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Why You Should Stop Trying to Please Everyone, By Me, an Autistic Woman

I feel zero obligation to party when I want to stay home, or keep my mouth shut when I want to speak. And I wouldn't have it any other way.

by Madeleine Ryan
02 April 2019, 7:30am

Image via Shutterstock

This article originally appeared on VICE AU.

I’m autistic, I’m antisocial, and I’m coming for everyone’s lies and self-deceptions. Often, there’s no filter between what I think and say. And while autism can obviously manifest itself differently from person to person, there’s one quality that unites us all: the exhibition of antisocial traits.

I’m the person wearing sunglasses at the supermarket, and getting frazzled when you “pop by” unannounced, and not wearing underwear because it doesn’t make sense.

I’ve been kicked under the dinner table for bringing up a family member’s drug habit in front of their friends, because apparently discussing it could “compromise their work situation” and change how others thought about them. Another time I was asked for “a quiet word” in the kitchen after I asked how someone’s stepbrother was doing in prison, because “don’t you know that the family doesn’t like to discuss it?”

All of this isn’t to say that I don’t fear judgement, or ridicule. I’ve just had to learn the hard way that certain subjects and behaviours are reserved for certain contexts, and that people don’t like having their carefully crafted social facades compromised. By virtue of being autistic, I’m highly likely to find myself inconveniencing people with the truth.

I remember a time when a friend was struggling with alcoholism and I said, “I think that you need to get professional help,” and she said “thank you, you’re such an amazing friend,” and then I never saw her again. The people around her at the time had a habit of pitying her while bitching behind her back, and pandering to her, and being arrogant enough to think that they could help her. I didn’t though, and it cost me her friendship.

My antisocial nature has cost me many friendships, because I also have a tendency to do what I want, when I want. There’s so much pressure to pretend everything’s fine, and to do things that no one wants to do, just so we can all uphold the status quo.

One time I didn’t go to a close friend’s dinner party, only to find that I was never invited to one of her dinner parties again. On another occasion I was the first to leave a hen’s night and, upon my departure, one of the hens told me not be so judgemental about recreational drug use.

The world seems to have become defined by unrealistic social expectations as a result of everyone saying “yes” when “no thank you” would have been more appropriate. Or other times when exclaiming “awesome, count me in!” when “actually, that makes me really uncomfortable” would have been more accurate. Then I come along, and who knows what’s going to happen.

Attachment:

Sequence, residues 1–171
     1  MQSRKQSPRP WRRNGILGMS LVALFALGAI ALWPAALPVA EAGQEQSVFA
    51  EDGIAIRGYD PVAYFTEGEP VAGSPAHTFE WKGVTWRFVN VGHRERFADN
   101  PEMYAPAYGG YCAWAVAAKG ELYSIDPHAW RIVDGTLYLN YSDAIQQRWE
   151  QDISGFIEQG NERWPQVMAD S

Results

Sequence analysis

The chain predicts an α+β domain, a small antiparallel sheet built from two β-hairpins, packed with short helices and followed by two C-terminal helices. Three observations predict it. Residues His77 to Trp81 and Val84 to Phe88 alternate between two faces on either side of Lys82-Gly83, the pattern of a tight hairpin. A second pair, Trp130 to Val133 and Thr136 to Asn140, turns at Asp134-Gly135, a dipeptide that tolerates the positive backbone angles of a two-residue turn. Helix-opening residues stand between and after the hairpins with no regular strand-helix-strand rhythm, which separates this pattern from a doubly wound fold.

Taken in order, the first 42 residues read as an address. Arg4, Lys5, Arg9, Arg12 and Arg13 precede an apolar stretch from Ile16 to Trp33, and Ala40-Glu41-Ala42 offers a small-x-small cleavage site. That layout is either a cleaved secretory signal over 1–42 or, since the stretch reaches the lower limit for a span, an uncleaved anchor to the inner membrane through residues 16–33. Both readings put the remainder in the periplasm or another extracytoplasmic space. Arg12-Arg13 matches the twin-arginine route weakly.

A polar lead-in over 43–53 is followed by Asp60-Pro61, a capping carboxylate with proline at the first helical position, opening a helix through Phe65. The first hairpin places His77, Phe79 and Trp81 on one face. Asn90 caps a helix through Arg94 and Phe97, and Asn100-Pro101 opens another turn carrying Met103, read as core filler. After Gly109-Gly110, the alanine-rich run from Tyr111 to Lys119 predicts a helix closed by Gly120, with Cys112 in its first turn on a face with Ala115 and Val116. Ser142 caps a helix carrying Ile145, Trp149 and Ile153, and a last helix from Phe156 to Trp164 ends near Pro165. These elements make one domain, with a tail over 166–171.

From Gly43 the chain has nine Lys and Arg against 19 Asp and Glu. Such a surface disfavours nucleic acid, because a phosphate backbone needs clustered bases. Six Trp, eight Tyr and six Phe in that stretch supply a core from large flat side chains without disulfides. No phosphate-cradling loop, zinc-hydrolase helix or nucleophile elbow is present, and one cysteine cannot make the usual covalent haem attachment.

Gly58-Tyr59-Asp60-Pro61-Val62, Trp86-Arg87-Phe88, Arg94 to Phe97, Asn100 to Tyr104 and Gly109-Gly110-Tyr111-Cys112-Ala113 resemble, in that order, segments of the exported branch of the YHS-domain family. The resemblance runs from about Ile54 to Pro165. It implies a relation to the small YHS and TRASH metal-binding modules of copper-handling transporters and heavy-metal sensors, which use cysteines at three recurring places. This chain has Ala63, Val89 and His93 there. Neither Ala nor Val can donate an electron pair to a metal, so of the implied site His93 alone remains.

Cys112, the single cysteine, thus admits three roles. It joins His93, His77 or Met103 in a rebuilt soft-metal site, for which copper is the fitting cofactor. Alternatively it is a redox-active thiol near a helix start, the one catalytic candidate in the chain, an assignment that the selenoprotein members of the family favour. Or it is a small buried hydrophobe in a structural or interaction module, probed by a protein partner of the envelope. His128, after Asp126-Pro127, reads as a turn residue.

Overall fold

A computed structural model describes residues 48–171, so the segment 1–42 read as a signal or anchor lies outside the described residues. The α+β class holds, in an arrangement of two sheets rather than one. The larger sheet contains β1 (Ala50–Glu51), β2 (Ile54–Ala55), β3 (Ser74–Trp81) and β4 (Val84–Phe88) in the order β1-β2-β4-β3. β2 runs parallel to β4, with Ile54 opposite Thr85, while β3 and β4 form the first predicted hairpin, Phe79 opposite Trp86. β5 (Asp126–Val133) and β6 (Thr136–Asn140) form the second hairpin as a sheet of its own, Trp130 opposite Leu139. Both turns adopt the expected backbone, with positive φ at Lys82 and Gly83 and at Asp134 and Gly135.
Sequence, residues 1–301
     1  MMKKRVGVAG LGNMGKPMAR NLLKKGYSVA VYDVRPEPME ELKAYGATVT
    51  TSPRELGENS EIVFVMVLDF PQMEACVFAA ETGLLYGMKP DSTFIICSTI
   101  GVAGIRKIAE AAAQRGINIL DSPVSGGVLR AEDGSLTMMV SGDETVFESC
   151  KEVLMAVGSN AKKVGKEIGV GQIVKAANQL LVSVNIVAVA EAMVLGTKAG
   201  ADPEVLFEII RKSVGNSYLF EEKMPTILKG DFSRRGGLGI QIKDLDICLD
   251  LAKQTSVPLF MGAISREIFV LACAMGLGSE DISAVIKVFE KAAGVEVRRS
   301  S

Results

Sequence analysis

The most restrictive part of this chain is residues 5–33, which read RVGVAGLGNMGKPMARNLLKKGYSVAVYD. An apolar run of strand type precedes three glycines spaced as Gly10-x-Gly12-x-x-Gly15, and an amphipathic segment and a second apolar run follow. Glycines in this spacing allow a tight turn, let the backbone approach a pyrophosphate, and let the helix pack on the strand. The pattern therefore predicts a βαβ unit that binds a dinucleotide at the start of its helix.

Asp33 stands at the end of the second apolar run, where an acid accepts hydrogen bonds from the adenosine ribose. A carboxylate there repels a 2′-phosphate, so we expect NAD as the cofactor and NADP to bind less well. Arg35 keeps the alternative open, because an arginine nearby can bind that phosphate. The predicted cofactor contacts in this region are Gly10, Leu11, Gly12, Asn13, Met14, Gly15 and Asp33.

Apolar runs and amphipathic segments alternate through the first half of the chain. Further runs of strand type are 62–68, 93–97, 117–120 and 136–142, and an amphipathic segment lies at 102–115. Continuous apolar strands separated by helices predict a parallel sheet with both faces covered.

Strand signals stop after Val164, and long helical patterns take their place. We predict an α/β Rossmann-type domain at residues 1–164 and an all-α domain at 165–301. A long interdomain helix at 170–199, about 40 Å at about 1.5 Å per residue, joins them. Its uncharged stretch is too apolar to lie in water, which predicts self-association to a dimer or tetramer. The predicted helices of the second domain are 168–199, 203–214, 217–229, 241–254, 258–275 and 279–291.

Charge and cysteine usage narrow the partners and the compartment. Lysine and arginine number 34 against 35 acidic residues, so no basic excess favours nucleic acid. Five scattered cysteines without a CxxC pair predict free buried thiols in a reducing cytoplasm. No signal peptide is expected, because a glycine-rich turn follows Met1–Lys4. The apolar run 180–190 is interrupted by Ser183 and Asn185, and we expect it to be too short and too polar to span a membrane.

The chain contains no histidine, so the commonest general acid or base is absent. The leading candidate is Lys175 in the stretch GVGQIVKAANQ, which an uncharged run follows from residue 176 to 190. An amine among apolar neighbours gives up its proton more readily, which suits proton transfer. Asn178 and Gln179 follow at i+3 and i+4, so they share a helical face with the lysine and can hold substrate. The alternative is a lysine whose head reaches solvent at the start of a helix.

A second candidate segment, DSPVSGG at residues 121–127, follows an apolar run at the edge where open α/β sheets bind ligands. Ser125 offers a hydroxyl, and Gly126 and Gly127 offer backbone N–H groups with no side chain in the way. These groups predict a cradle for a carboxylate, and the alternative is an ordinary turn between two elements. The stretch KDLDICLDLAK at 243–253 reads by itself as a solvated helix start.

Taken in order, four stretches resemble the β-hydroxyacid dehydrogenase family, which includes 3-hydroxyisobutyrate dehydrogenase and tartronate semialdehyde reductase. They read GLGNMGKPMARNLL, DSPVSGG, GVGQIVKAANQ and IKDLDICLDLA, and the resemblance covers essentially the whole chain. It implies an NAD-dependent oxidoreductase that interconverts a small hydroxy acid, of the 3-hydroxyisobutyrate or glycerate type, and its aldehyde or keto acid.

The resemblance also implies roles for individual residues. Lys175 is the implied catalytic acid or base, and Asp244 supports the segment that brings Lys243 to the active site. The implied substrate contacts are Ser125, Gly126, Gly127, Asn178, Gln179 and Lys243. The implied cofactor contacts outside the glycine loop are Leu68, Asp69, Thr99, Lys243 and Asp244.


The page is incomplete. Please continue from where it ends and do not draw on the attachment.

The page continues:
If I want to ask about your break-up, or your boob job, or the accident that you were involved in, I’m probably going to—regardless of who else is present, or what situation we’re in. And if I’m feeling tired or overwhelmed, I’m probably going to leave, because why should I stay?

Well, I can think of one reason: because I fear being ostracised by those I care about.

I was at a party recently and I met a guy who’d had a huge week at work. He’d been out every night while trying to quit smoking and he looked exhausted. I told him that I couldn’t imagine anything worse and he laughed, before expressing how hungry he was. I asked him why he didn’t go out and get some food, and he said, “What? I can’t just leave.”

I couldn’t believe it. This was a grown man and he wasn’t being held hostage. He was at a party. “Well, I’m going for a walk,” I explained. “So you could follow me out and get some food if you like.”

“Why are you going for a walk?”

“I need a break from talking, and socialising.”

“Oh, ok,” he said. “Well, umm. Maybe I’ll go and get a sandwich from 7-Eleven?”

“Ok.”

So off we went, me around the block, and him towards food. And as I was about to re-enter the party, I saw him hovering at the stairwell with a half-eaten kebab in hand.

“I think I might just bail,” he said quietly.

“Ok.”

“Am I a bad friend?”

“No. They’re bad friends if they give you shit about it.” And, with that, he vanished into the night, towards the safety of his bed.

Socialising can sometimes feel like being held prisoner, and being antisocial the equivalent of being set free. So don’t be all like, “oh, no, don’t go, come on, just a little longer, one more drink.” No. Stop it. Don’t even joke about it. We all know that it’s not a joke. We all know how much pressure there is to attend and to stay in social situations. Don’t make it any more difficult for yourself, or for other people, to leave. When a party’s over, it’s over.

I’ve never regretted leaving a social situation when I was ready to do so—even when other people have given me shit about it. It’s always been the right choice. Take my word for it—the word of someone who has always just done what’s logical without fear of social retribution. Forget FOMO. Socialising when you’d rather not means missing out an opportunity to care for and get to know yourself. And the relationship that you have with yourself is the longest lasting, till-death-do-you-part relationship that you’re ever going to have.

So, this Autism Awareness Day, I encourage you to embrace more of your antisocial self, because you never know. Through doing so, you might just be able to help set yourself—and someone else—free.

Madeleine Ryan is a freelance writer.